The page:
more than 95 theses

oddments

A journal, commonplace book, and Wunderkammer by
Alan Jacobs.

My blog on technologies of reading, writing, and knowledge is called Text Patterns; I am an occasional contributor to the Technology channel of The Atlantic; I'm a Contributing Editor for The New Atlantis. Also, I tweet.

My biography of the Book of Common Prayer has now been published by Princeton University Press, and I’ve created an associated tumblelog.

My critical edition of W. H. Auden’s long poem For the Time Being: A Christmas Oratorio is now available.

My next book will be about Christian humanism in a time of total war.

I invite you to a meditative encounter with my online project The Gospel of the Trees.

Please consider supporting this tumblelog by buying some of my books. I will thank you, my family will thank you, and the internet — surely — will thank you.

”Reverting to Type: a Reader’s Story”

The Pleasures of Reading in an Age of Distraction

The Age of Anxiety, by W. H. Auden — a critical edition. A PDF of my Introduction to the poem is available online.

Wayfaring: Essays Pleasant and Unpleasant

Original Sin: a Cultural History

Looking Before and After: Testimony and the Christian Life

The Narnian: the Life and Imagination of C. S. Lewis

Shaming the Devil: Essays in Truthtelling

A Theology of Reading: the Hermeneutics of Love

A Visit to Vanity Fair: Moral Essays on the Present Age

What Became of Wystan: Change and Continuity in Auden’s Poetry

  • November 9, 2012 7:08 am

    "

    Harley Jessup, a production designer at Pixar Studios, who worked on Monsters, Inc and Ratatouille, has described a culture of paper drawing and picture-making at the company’s headquarters in California that wouldn’t seem out of place in an impressionist’s studio in 19th-century Paris. At Pixar there are daily life drawing and painting classes, open to everyone, and the story department employs between five and 15 full-time artists solely to work on storyboards. (And a storyboard, as Jessup explains, just to be clear, “is literally a 4ft x 8ft bulletin board covered with rows of 3½in x 8in hand-drawn story panels”: no gimmicks, no gizmos, no graphic design.) These story panels are scanned and cut together to produce story reels – basic black and white cartoon versions of the film – and are only then replaced by computer-graphic sequences, developed using yet further hand-drawn sketches, paintings and sculptures. Jessup adds up the number of storyboard drawings produced for various Pixar films thus:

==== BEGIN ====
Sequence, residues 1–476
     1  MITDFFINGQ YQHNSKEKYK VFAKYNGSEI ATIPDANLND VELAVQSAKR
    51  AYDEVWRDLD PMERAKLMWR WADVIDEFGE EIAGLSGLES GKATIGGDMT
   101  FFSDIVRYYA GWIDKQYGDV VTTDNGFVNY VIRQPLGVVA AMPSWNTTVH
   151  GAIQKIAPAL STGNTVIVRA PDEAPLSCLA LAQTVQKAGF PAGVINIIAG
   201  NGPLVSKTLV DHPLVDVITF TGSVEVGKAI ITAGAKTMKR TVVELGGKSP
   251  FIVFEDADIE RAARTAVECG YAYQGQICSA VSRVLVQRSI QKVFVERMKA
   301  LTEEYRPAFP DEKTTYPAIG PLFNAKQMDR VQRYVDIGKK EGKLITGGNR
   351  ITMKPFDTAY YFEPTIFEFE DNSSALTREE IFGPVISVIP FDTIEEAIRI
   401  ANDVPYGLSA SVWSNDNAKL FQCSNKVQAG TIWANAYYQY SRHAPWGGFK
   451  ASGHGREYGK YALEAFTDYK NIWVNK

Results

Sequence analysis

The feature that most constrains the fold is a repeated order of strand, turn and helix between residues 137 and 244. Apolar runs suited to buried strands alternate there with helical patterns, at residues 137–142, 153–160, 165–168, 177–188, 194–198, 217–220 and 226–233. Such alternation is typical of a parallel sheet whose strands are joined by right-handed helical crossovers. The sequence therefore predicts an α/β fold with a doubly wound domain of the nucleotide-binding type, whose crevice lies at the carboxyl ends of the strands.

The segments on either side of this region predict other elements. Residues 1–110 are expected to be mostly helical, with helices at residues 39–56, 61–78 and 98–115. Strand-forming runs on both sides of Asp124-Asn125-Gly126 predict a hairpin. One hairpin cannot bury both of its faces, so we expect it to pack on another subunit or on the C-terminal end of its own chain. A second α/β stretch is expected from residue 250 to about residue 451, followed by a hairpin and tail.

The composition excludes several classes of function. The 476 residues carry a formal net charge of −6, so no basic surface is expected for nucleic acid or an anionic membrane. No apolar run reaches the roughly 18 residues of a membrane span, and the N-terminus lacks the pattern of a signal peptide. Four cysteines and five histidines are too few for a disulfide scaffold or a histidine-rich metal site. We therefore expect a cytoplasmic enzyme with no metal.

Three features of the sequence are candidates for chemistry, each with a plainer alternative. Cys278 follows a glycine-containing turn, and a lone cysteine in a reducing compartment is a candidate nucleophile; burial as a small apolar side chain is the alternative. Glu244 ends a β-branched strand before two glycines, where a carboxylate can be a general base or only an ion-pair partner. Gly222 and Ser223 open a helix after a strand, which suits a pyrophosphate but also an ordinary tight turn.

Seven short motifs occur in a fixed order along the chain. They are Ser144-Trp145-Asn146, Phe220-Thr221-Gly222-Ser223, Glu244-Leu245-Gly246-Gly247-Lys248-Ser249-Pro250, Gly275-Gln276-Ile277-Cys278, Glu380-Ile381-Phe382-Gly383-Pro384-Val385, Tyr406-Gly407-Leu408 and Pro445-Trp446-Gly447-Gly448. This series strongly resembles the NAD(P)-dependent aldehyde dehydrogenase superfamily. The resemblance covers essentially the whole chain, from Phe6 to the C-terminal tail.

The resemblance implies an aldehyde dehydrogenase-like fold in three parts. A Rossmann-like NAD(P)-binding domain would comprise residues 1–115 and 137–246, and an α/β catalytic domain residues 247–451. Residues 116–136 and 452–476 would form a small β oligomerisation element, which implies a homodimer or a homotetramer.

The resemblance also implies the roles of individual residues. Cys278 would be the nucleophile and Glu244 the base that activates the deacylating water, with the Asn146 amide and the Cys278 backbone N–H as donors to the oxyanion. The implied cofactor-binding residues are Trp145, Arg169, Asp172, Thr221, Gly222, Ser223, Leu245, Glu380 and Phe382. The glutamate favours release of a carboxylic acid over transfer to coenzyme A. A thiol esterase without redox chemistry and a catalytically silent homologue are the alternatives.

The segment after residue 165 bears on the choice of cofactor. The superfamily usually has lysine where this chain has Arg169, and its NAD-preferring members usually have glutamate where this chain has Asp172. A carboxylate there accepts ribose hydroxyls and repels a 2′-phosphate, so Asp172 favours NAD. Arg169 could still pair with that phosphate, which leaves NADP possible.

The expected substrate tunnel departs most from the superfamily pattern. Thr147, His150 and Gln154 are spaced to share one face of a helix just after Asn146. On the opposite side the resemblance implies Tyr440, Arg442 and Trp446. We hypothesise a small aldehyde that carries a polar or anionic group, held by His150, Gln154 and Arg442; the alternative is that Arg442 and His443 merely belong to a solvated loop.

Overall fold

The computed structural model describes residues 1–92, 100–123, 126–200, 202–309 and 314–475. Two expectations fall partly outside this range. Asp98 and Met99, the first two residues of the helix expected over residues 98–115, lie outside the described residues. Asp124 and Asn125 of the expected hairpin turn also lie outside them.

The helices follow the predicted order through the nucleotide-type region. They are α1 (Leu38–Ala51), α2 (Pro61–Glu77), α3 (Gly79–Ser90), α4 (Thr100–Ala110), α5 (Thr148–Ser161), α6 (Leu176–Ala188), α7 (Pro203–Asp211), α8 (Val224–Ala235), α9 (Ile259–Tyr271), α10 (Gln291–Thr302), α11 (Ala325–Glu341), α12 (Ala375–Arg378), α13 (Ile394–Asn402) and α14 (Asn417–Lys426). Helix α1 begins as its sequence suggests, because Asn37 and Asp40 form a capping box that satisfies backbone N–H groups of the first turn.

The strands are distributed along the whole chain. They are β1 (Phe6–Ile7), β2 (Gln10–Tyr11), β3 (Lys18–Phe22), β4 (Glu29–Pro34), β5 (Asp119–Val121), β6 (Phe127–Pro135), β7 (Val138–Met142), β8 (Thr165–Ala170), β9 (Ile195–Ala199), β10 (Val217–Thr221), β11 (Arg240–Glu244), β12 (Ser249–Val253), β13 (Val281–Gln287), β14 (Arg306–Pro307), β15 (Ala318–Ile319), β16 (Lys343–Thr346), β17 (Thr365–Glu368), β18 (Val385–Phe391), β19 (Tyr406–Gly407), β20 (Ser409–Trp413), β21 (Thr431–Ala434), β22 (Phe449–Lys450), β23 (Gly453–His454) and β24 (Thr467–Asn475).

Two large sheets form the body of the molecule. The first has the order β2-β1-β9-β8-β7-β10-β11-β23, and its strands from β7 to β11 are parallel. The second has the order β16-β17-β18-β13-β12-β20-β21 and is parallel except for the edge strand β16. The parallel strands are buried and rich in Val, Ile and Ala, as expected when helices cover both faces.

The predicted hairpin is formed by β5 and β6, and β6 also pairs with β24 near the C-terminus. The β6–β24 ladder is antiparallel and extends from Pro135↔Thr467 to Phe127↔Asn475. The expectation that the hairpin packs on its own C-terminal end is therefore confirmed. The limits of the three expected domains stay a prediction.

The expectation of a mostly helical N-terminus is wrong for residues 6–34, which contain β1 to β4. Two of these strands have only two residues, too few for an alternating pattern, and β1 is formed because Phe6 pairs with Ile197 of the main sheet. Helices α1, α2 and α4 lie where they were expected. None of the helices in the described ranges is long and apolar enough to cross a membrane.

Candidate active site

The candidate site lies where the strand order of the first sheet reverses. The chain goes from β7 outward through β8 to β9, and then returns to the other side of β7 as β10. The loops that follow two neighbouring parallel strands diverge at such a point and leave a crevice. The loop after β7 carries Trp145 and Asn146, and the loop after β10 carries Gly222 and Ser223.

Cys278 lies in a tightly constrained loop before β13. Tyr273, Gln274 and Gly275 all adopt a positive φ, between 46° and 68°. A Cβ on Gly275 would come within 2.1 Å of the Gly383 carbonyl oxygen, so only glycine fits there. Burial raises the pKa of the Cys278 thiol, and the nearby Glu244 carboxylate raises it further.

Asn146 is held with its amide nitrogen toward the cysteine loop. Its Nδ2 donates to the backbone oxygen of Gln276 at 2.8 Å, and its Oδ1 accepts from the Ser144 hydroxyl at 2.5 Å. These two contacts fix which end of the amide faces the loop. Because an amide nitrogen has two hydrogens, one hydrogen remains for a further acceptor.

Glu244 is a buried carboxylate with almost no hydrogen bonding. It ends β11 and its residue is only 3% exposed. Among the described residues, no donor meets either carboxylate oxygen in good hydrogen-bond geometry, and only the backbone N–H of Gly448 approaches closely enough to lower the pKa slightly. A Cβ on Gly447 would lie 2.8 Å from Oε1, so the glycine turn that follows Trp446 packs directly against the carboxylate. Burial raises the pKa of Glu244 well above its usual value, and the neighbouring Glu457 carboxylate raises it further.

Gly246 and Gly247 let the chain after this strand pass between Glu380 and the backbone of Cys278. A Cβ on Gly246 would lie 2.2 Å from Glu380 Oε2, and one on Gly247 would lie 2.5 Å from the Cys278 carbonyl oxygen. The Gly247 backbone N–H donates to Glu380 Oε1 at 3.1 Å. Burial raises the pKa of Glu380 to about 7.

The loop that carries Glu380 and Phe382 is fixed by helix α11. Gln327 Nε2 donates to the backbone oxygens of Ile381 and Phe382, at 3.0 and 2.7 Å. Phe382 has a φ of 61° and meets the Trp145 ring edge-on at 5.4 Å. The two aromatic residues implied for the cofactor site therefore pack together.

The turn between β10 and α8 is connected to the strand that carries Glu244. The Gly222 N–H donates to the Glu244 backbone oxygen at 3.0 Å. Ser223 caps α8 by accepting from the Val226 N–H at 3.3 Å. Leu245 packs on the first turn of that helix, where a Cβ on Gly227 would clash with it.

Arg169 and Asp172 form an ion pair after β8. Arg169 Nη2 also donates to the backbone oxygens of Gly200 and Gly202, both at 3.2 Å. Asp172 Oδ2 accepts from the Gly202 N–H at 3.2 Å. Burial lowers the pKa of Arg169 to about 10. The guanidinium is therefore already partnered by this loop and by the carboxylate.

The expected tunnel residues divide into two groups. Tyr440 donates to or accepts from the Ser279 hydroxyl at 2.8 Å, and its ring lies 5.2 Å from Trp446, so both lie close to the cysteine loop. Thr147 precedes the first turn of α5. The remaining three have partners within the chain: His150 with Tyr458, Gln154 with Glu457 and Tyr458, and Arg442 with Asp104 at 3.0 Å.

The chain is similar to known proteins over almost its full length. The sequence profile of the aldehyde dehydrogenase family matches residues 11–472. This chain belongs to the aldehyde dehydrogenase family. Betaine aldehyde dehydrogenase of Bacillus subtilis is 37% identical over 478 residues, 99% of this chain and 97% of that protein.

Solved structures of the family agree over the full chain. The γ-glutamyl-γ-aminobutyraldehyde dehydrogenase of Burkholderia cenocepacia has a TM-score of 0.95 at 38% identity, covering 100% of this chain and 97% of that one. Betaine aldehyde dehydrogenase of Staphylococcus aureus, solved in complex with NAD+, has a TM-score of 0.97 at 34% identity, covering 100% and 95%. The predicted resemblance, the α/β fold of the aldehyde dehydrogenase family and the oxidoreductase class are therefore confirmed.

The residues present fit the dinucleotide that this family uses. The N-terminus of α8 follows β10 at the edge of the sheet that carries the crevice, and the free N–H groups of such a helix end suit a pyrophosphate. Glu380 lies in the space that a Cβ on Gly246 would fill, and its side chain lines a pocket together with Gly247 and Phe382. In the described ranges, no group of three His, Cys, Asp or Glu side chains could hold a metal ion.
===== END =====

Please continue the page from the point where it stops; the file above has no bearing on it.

• A Bug’s Life 27,555
    • Toy Story 2 28,244
    • Monsters, Inc 46,024
    • Finding Nemo 43,536
    • The Incredibles 21,081
    • Cars 47,000
    • Ratatouille 72,000

    So, no signs of a paperless office at Pixar.

    Nor, as far as I can see, anywhere else. All our modern businesses and institutions are built on paper, from plans to contracts to share certificates, to memos, to Post-Its and HP desktop printouts. Blizzards of paper. Tonnes of the stuff. Torrents. Avalanches. Foundations.

    "

    Can paper survive the digital age? | Books | The Guardian

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